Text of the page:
Proceedings of The Physiological Society

University of Cambridge (2004) J Physiol 555P, C29


Effect of chronic intermittent hypoxia on cardiac baroreflex in rats

D. White and N.H. West

Department of Physiology, College of Medicine, University of Saskatchewan, Saskatoon, Saskatchewan S7N 5E5, Canada

The rat intermittent hypoxia (IH) model has facilitated investigation of the relation between obstructive sleep apnea and hypertension. However, the effects of IH on the baroreflex have received relatively little attention. The aim of this study was to examine the hypothesis that IH alters baroreflex function, thus contributing to increased blood pressure variability and the development of hypertension.

Wistar rats (IH-rats, n = 9) implanted with telemetry devices (halothane anaesthesia, 2 % in O2) for measurement of arterial pressure (MAP) and heart rate (HR) were exposed to IH consisting of oscillations of inspired oxygen fraction from 21 % to 1 % twice per min, 6 h per day for 7 consecutive days. Controls (Sham-IH rats, n = 6) were exposed to cycling compressed air at the same flow rates as for IH-rats. On Day 8, animals were killed by CO2 exposure and their hearts removed. All procedures were approved by the University of Saskatchewan Committee on Animal Care and Supply and are in accordance with the Guidelines of the Canadian Council on Animal Care.

IH-rats showed significant cardiac hypertrophy (0.45 ± 0.01 vs. 0.37 ± 0.02 mg/g body weight, left ventricle + septum; 0.15 ± 0.01 vs. 0.12 ± 0.01 mg/g body weight, right ventricle; IH vs. Sham). MAP was not different between or within groups over the course of the experiment. Day 1 HR did not differ between groups, however IH-rat HR tended to decrease over time (P = 0.14), becoming significantly lower than Sham-IH HR on days 5-8 (Day 1: 337 ± 8 vs. 354 ± 10 bpm, Day 8: 323 ± 6 vs. 361 ± 9 bpm; IH vs. Sham). Though not significant, there was a trend for spontaneous baroreflex sensitivity to increase with IH (4.5 ± 0.5 vs. 6.3 ± 1.0 msec/mmHg, Day 1 (n = 9) vs. Day 7 (n = 7), P = 0.10) as determined by application of the sequence method to daily recordings of MAP and HR (Bertinieri et al. 1988). Values are mean ± S.E.M. and were compared using unpaired Student's t tests and repeated measures ANOVA where appropriate. P < 0.05 was considered significant.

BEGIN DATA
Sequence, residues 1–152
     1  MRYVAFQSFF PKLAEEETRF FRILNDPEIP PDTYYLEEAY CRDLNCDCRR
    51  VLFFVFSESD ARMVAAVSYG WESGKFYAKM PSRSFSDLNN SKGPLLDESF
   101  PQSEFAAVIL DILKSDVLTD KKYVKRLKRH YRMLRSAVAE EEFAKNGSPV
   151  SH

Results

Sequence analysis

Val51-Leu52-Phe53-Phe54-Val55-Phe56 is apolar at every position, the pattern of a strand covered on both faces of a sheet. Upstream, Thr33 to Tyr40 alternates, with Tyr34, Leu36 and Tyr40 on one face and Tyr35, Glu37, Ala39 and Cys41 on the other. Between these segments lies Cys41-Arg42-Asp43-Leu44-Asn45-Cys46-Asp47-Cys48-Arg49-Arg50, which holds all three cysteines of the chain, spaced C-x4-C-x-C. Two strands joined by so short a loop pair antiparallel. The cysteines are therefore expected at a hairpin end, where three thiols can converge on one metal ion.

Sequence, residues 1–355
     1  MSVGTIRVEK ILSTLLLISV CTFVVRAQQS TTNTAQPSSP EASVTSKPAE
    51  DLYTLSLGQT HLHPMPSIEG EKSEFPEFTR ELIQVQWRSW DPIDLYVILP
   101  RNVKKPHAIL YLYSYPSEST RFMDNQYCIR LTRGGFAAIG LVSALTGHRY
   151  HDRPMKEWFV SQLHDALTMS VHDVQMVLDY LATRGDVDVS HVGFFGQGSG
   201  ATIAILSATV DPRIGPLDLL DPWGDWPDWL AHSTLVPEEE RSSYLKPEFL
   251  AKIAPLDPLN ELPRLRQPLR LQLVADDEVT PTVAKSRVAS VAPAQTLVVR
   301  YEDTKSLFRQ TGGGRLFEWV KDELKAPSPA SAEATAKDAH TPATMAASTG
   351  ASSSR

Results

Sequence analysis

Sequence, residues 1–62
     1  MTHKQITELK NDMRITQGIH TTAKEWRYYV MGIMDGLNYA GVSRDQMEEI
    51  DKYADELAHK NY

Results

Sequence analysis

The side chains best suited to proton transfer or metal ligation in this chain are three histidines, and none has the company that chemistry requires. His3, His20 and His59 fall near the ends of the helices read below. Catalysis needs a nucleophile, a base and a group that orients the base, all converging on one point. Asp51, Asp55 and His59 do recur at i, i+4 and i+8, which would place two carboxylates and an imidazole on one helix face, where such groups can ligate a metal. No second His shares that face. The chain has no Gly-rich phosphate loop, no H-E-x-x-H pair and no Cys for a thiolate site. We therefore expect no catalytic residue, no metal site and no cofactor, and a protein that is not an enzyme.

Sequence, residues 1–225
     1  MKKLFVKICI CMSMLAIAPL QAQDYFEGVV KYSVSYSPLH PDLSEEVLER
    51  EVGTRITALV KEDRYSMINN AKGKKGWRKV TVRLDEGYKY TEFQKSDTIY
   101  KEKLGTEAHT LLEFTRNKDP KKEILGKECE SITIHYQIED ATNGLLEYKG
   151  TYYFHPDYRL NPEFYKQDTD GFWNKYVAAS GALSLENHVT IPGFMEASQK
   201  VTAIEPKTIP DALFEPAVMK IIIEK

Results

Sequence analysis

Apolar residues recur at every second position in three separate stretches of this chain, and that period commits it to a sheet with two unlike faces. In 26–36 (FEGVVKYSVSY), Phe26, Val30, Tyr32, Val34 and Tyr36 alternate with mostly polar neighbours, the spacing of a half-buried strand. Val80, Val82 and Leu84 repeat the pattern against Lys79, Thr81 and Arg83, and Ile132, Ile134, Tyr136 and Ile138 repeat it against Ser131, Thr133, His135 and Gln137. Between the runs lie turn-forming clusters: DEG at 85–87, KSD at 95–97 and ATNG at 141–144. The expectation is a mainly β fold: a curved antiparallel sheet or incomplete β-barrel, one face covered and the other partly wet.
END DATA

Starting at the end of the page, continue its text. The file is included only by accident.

Contrary to previous reports (Fletcher, Bao, and Li, 1999), IH did not induce hypertension in this study. The lowering of resting HR in IH-rats without a change in MAP may reflect a change in baroreflex set point. Spontaneous baroreflex analysis was limited by the relatively few sequences meeting analysis criteria. Continued studies are required to determine whether the trends in baroreflex function inferred are in fact a significant consequence of IH exposure.

This work was supported by the Natural Sciences and Engineering Research Council of Canada.

Where applicable, experiments conform with Society ethical requirements